Programmatic audio has been in the conversation for several years, buffeted by conflicting sentiment in the industry. The tech companies which provide tools for segmenting audiences and delivering targeted ads have wanted audio publishers to get with the program(matic) and contribute inventory. On the supply side (radio in all its forms) there is some fear of price reduction for audio advertising. The advertisers and agency buyers need traditional and online radio to support the efficiency and immediacy they have gotten used to when buying programmatic display and video.
As with other emerging systems, a tipping point is sought. In 2018 there is a fresh sense that programmatic audio is coming into an era of recognition and marketplace maturity.
In Pandora’s acquisition of AdsWizz, the largest music streaming service in the U.S. joined with a leading ad-tech firm that offers a complete vertical stack of software-based targeting and delivery tools. The deal was announced in March, and closed this month. In the same time frame, Google’s DoubleClick programmatic unit opened to digital audio, bringing inventory from Spotify, SoundCloud, and other major publishers (including Pandora to come soon), marking a milestone in the arrival of audio programmatic to a scaled universe of buyers. This week AdsWizz won the annual Drum Digital Trading Award for best programmatic platform — a feather in AdsWizz’s cap, naturally, but the more far-reaching point is that Drum honored an audio programmatic service across all media categories, dramatically marking audio’s coming out into the automated buying community.
In light of all this, we wanted to speak with leaders of the Pandora/AdsWizz acquisition for a chat about how the combination will work, and about the growth and prospects of digital audio programmatic generally. We talked with Scott Walker, Pandora’s SVP of Programmatic Sales, and Alexis van de Wyer, CEO of AdsWizz.
A month before the acquisition was announced, Pandora started its own private programmatic offering for buyers of its radio commercials. That initiative represented an alternative strategy to Pandora’s impressive network of sales offices in a few dozen American radio markets. But buying AdsWizz has a bigger vision behind it than obtaining more evolved technology with years of development built in.
“Digital audio advertising is poised for massive growth,” Scott Walker asserted. “The future of advertising is digital — personalized, targeted, more transparent in terms of what you’re getting, reach, and quality compared to traditional TV and radio channels. Then there are fast-growing new channels, smart speakers and cars. We expect digital audio can be massive.”
For Alexis van de Wyer, the combination is a 1+1=3 equation. “We believe that by having our technology powered by the largest publisher, we have the entire ecosystem.”
AdsWizz Client Stability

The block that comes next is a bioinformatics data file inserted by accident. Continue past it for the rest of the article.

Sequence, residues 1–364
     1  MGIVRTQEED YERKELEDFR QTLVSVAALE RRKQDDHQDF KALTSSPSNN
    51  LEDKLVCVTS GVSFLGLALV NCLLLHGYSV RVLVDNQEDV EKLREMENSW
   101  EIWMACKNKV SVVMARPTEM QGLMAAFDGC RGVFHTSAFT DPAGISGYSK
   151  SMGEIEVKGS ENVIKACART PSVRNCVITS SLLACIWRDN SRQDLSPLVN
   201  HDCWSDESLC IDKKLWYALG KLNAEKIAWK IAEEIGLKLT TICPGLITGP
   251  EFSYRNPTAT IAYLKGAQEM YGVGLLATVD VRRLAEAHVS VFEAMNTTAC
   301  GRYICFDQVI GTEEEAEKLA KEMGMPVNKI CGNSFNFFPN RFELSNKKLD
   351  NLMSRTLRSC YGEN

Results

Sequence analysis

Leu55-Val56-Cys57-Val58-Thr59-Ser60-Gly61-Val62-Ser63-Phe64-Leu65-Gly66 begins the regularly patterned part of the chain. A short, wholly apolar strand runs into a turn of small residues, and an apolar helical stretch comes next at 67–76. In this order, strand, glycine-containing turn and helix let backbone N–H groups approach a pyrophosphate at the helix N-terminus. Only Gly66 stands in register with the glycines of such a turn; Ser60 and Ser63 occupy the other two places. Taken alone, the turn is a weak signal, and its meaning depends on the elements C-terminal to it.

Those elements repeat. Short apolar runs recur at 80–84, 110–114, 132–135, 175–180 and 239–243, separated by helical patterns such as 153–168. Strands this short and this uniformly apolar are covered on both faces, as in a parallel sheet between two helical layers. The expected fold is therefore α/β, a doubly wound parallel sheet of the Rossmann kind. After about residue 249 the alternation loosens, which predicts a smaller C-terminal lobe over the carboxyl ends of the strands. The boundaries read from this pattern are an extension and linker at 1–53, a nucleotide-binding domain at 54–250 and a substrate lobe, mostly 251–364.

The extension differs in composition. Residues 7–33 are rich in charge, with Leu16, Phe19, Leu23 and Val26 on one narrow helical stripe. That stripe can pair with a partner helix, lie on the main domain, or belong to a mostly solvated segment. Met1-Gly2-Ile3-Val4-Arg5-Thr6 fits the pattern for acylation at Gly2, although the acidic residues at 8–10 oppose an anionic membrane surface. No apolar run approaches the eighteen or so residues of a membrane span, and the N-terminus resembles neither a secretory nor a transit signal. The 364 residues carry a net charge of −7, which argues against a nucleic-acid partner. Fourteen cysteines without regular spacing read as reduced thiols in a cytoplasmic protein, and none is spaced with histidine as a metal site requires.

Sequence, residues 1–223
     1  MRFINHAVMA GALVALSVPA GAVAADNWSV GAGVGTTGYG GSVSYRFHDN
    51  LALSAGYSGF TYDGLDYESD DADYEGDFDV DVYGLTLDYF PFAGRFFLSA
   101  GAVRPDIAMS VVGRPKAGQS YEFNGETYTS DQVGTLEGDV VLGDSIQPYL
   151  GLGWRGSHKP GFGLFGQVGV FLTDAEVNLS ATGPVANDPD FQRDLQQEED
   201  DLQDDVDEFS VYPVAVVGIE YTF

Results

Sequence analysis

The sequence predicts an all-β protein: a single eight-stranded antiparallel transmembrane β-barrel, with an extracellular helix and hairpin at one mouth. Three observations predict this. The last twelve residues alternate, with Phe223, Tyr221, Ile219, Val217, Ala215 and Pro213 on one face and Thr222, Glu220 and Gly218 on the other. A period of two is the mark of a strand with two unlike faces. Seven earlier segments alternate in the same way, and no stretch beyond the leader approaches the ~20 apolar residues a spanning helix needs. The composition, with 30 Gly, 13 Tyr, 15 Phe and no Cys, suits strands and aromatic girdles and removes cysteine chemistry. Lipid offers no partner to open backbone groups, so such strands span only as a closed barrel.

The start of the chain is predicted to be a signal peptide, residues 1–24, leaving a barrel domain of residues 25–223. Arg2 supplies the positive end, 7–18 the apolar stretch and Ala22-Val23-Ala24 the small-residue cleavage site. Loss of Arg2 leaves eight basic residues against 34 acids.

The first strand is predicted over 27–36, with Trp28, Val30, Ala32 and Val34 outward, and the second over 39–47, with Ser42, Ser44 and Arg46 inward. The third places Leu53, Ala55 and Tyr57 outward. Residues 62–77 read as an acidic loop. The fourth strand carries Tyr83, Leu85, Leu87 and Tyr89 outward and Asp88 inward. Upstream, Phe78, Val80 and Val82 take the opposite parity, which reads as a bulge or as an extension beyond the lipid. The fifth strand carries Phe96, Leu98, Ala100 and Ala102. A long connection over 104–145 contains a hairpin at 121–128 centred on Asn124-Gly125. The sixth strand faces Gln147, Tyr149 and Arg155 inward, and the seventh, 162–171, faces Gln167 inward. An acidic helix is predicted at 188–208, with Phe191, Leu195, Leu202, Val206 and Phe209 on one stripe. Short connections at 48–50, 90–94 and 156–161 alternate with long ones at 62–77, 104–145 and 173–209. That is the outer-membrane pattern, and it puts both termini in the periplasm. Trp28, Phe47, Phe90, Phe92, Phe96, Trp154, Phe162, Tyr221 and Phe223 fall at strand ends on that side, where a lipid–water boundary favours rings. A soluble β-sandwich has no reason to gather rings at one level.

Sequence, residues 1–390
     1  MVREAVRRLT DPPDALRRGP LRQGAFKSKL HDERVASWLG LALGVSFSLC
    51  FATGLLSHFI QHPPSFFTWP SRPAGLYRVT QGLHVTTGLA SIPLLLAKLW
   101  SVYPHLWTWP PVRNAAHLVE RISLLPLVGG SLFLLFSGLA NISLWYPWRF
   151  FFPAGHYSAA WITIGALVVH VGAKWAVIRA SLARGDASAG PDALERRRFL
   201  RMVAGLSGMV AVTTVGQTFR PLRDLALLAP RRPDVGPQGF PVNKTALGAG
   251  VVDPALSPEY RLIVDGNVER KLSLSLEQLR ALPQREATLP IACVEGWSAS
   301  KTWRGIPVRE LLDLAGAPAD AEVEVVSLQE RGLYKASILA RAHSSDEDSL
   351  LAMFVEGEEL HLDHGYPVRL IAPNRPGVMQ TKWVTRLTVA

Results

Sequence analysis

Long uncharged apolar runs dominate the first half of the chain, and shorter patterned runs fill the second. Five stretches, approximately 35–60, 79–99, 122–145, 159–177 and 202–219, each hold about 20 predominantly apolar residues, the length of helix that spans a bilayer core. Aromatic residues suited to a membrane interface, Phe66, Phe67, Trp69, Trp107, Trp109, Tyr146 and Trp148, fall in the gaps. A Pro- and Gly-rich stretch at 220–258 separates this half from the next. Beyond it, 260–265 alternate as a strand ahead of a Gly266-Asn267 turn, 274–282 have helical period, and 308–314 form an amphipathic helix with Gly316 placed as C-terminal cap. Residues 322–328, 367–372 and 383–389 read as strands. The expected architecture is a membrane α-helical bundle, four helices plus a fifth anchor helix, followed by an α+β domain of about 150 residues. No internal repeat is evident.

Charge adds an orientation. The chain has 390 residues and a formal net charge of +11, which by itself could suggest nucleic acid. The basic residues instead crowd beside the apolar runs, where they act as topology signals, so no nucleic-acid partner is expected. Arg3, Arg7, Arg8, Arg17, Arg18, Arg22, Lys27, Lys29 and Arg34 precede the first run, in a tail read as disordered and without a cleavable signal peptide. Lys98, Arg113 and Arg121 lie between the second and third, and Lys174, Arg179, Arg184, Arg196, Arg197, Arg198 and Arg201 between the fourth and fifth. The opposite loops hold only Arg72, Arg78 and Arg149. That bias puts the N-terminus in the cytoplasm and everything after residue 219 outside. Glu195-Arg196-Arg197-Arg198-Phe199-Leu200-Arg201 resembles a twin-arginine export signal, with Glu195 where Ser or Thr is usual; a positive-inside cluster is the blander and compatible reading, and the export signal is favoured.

AdsWizz provides technology to many audio services and ad sales companies. We wondered what might happen to that galaxy of business — part of what Pandora acquired, and part of the grand ecosystem Alexis van de Wyer talks about. In Pandora’s recent Q1 earnings call, CEO Roger Lynch said he expected some AdsWizz clients to drop out (which is typical when a business is acquired by a competitor of its clients). That presumption was explicitly refuted by the AdsWizz CEO: “All the publishers we work with are excited [by the acquisition] except one,” he told RAIN, without disclosing the unexcited client. “We believe that adding Pandora gives everyone an advantage and will result in more buying. Some clients did have concerns, which we addressed technically and legally.”
The idea here is that a larger ecosystem of programmatic providers, all rowing in the same direction, is like the proverbial rising tide lifting all boats.
Google Stepping In
The rising tide idea comes into play with Google’s new audio effort. We asked about competitive threat, and that idea was rebuffed. “It’s very good news,” said Alexis van de Wyer, noting that AdsWizz can be part of transactions that Google’s presence brings into digital audio, thanks to the many links in the programmatic chain of execution, some of which AdsWizz can supply.
Scott Walker agreed with this: “There are certain advertisers that exclusively use DoubleClick — it’s connected into other suite components. If we were not connected into DoubleClick from our supply-side platform, we would not have access to that ad buy. With Google in the game from the buy side, it allows advertiser to add audio to their mix.”
Both men promoted Google’s announcement as a sign programmatic audio’s emergence, and the expansion of the marketplace benefiting all audio publishers.
When asked to predict the state of digital audio programmatic three years out, Alexis van de Wyer said the majority of buys would be programmatic. He noted that the U.S. market is behind some other regions, noting that the U.K. is about 60% programmatic audio buys, and Australia has even higher adoption. Van de Wyer attributes U.S. sluggishness to the intertia inherent in such a large market.
Looking to the future, Scott Walker projected a more varied toolset: “There will be a diversification of different types of programmatic. Traditional real-time bidding is just a first iteration. There could be new capabilities around different cost methods and cost types and new buying interfaces.” He also predicted a proliferation of programmatic systems for small advertisers and businesses.